CVS Pharmacy is rolling out major changes to as many as 70 new and existing stores this year, with plans to expand to several hundred more in 2018. The new, health-focused formats have 100 feet of new merchandise in health, beauty and healthier food and use a streamlined layout to highlight themes that make shopping easier. “Discovery zones” in key health categories take a holistic approach to care and product selections, and customers are guided by informational signage with guidance to make finding the right solution easier.
CVS Pharmacy is also vastly expanding its offerings throughout health with a broader selection of vitamins and supplements, including offerings from specialty brands like Irwin Naturals and New Chapter, as well as expanded nutrition products like Vega and Naturade protein powders and Navitas Organics Superfood Mix Ins. Assortments tied to emerging areas like connected health, sleep/mood and immunity are merchandised in “discovery zones” that offer holistic solutions and easy navigation through educational displays.
In the beauty aisles, CVS Pharmacy continues to enhance the beauty shopping experience by adding new, “on-trend” beauty brands like Wunder2 and Tigi Cosmetics, as well as products that have greater skin health benefits and more natural ingredients. To help improve customer exploration and inspiration, a new “trend wall” has been added to 2,000 stores featuring new launches and niche brands. A beauty discovery zone highlights on-the-go options at checkout. As Drug Store News previously reported, an exclusive Korean Beauty selection curated by notable K-Beauty expert, Alicia Yoon, will be available in over 2,100 locations this month.
As for healthier food items, even more “better-for-you” food options are being added, including 27 new items under the exclusive Gold Emblem Abound product line. Healthier choices, including Alo Exposed Waters, Epic bison bars and That’s It. bars will make up approximately 50% of all food options found throughout the store. Additionally, products that fit nutritional and dietary preferences including heart healthy, good source of protein, gluten free, sugar free, organic and non-GMO project verified, are highlighted with shelf tags. This summer, the tags will expand into non-food categories, making it easier for customers to make purposeful choices throughout the store.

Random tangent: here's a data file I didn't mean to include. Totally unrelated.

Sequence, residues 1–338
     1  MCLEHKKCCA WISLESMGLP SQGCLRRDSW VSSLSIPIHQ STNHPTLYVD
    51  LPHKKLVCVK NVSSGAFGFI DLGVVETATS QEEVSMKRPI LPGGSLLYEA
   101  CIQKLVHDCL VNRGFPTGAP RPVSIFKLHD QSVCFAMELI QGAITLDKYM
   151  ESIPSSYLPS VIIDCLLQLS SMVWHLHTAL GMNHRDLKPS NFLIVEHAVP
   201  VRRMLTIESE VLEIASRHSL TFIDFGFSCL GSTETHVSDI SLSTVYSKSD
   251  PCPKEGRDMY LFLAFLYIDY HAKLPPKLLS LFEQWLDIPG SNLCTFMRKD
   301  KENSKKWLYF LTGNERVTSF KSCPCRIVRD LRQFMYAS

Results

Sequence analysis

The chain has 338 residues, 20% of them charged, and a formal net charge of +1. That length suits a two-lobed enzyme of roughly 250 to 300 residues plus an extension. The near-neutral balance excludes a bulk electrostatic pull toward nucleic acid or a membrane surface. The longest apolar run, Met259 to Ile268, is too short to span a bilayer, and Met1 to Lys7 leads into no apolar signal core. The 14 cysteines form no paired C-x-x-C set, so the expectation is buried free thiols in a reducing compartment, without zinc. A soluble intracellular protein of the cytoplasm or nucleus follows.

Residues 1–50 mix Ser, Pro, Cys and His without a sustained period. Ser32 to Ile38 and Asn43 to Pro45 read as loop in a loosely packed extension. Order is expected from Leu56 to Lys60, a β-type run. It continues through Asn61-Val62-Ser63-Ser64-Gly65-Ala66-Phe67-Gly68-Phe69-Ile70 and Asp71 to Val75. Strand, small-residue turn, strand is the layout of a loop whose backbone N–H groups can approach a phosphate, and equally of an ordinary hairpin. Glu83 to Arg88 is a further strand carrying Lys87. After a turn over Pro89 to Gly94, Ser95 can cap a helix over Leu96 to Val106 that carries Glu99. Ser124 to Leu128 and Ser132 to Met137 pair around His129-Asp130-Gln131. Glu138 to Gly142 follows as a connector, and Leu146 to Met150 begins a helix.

The catalyst for all of these changes was CVS Pharmacy’s 2014 decision to stop selling tobacco. “Since CVS Pharmacy became the first and only national retail pharmacy to remove tobacco from its shelves in 2014, the next natural step in the evolution of our retail business was to expand our focus on health and beauty in the front of stores,” Foulkes toldChain Store Agesister publication Drug Store News in October. “We’ve continued to take critical steps as the company continues to evolve into a premier health and beauty destination.”
CVS’ Beauty and health selection has been completely transformed since this important 2014 date. At the time of the tobacco announcement, health and beauty products comprised less than half of the CVS in-store mix, Foulkes stated in December. But CVS has a goal to have health and beauty products make up 80% of the mix in the future.
“Health and beauty products are closely tied to pharmacy,” she said. “They also have 1.7 times more profit than other categories.”
As part of an ongoing commitment to corporate social responsibility, CVS Pharmacy is also taking the following steps:
Removing certain chemicals from beauty and personal care lines: By the end of 2019, all parabens, phthalates and formaldehyde donors in products within the CVS Health, Beauty 360, Essence of Beauty, Promise Organic and Blade store brand product lines will be removed.
New standards for vitamins and supplements: CVS Pharmacy is embarking on the development of new standards for vitamins and supplements, with the goal of full implementation by 2019. The standards will require third-party testing of ingredient listings for vitamins and supplements, as well as product testing for certain ingredients of concern.
CVS Pharmacy previously announced the removal of all artificial trans fats from all exclusive store brand food products. In addition, the company stated it recently removed all sun care products with SPF lower than 15 from its shelves while expanding products with SPF 30/broad spectrum, natural beauty brands and products focused on skin health.
In addition to the in-store changes, CVS Pharmacy is making technological changes as well. According to the company, the mobile experience and ExtraCare Rewards program continue to evolve, offering more ways for customers to order products online and pick them up with CVS Curbside, pay seamlessly via CVS Pay in the app, and even manage their ExtraBucks Rewards, personalized deals, and use manufacturer coupons, all from their phone.
Not only will these changes be more convenient, but they should positively impact CVS Health’s bottom line. A digitally engaged ExtraCare member drives 3.6 times greater margins for the company vs. non-engaged customers, Foulkes explained during the company’s December analyst meeting.
Overall, all of the aforementioned changes mean CVS Pharmacy stores have become the “true embodiment of CVS Health’s enterprise mission to help people on their path to better health,” Foulkes told Chain Store Age sister publication, Drug Store News in October.